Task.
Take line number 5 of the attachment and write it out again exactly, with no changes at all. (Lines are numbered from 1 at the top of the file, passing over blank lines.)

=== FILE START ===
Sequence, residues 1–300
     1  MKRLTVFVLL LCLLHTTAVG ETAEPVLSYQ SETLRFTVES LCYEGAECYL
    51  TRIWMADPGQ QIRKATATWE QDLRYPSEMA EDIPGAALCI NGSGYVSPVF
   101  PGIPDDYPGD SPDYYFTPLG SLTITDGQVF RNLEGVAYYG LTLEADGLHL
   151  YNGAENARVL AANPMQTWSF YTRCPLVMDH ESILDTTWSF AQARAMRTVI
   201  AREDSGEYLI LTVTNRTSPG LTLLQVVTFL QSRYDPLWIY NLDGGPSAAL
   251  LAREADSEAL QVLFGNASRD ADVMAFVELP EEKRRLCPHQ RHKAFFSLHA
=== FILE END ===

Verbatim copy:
   151  YNGAENARVL AANPMQTWSF YTRCPLVMDH ESILDTTWSF AQARAMRTVI